Marte is a freak athlete who I think could maintain elite sprint speeds throughout the entire duration of this four-year deal, but if he doesn’t, I think that Marte is more than capable of making the tweaks to his approach needed to maintain an impact offensively. Marte has fantastic bat-to-ball skills and has relied on his ability to put the ball in play to utilize his elite speed.

Dating back to his days with the Pirates, Marte has hit the ball on the ground at a 53% rate: 8% higher than league average. That seems to be more of a conscious choice for Marte as he continues to maintain an impressively low strikeout rate.

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The thing with Marte is, he has big-time power potential too. The chiseled outfielder is capable of producing exit velocities in the top 13% of the league and as he ages can simply lift the ball more in an effort to do more damage rather than be a contact/speed guy. Again, this is all under the assumption that he even slows down dramatically in the next four years.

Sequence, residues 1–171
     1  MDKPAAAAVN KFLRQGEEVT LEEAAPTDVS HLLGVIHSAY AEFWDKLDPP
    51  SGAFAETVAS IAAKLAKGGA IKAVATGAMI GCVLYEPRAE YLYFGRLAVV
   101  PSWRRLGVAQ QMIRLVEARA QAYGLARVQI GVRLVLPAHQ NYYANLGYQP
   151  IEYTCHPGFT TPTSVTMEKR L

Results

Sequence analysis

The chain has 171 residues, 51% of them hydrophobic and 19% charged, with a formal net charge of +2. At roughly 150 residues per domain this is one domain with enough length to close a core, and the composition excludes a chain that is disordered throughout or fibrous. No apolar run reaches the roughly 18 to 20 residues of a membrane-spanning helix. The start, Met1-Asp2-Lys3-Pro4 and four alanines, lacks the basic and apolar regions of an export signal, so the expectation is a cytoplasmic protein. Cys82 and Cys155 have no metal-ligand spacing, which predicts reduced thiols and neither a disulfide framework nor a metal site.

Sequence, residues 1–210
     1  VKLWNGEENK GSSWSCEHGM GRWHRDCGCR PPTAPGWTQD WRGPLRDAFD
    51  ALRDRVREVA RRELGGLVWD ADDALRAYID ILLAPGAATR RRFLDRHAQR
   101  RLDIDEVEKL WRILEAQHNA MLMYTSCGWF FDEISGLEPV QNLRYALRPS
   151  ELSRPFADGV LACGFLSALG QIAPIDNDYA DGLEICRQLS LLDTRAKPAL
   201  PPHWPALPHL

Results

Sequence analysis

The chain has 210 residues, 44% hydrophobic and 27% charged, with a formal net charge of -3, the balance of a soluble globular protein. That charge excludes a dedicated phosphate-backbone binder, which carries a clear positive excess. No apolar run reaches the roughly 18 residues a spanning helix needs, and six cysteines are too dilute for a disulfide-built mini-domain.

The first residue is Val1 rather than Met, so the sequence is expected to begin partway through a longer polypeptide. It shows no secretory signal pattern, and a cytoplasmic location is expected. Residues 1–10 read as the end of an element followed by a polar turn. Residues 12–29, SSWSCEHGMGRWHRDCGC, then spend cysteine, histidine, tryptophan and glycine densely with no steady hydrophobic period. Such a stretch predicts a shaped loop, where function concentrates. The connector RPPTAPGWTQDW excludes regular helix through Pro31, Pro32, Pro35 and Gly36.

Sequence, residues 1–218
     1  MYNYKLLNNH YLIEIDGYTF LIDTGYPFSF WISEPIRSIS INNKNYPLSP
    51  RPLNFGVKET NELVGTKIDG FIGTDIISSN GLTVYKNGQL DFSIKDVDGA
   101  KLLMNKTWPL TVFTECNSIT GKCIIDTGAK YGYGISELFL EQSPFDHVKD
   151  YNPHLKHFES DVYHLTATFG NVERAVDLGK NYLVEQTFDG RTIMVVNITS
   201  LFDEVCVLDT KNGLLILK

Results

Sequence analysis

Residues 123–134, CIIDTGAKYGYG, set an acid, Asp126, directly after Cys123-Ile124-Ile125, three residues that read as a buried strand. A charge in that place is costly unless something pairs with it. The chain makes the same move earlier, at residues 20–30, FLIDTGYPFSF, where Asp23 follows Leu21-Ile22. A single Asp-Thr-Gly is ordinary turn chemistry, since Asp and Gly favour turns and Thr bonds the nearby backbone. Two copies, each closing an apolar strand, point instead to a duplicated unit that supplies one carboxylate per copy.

Mark Canha to Mets – 2 years, $26 million

Grade: A+

The lowest profile deal listed in this article, the Mets signing of Mark Canha may be one of my favorites. A former Rule 5 Draft selection by the A’s from the Marlins, Canha has carved out a great career for himself. If it weren’t for a second half slump, Canha could’ve been looking at another $10-15 million.

Similar to Brandon Nimmo, Mark Canha is an on-base machine. Dating back to 2018, Canha has gotten on-base at a .366 clip, tying him for 25th in baseball with Michael Brantley. Over the same span of time, Canha has produced a 126 wRC+ and 13 fWAR. The 32-year-old broke out with 26 homers in 2019 and hasn’t quite gotten back to that figure since, but has shown that he can provide value with or without strong power numbers.

Another important aspect to Canha’s game is his strong outfield defense. Canha is a plus defender in either corner and is capable of playing center field if needed. At just $13 million AAV over a two-year commitment, this is a great deal for the Mets. Don’t believe me? Look at what the Marins just paid Avisail Garcia.

Javier Baez to Tigers – 6 years, $140 million

Grade: B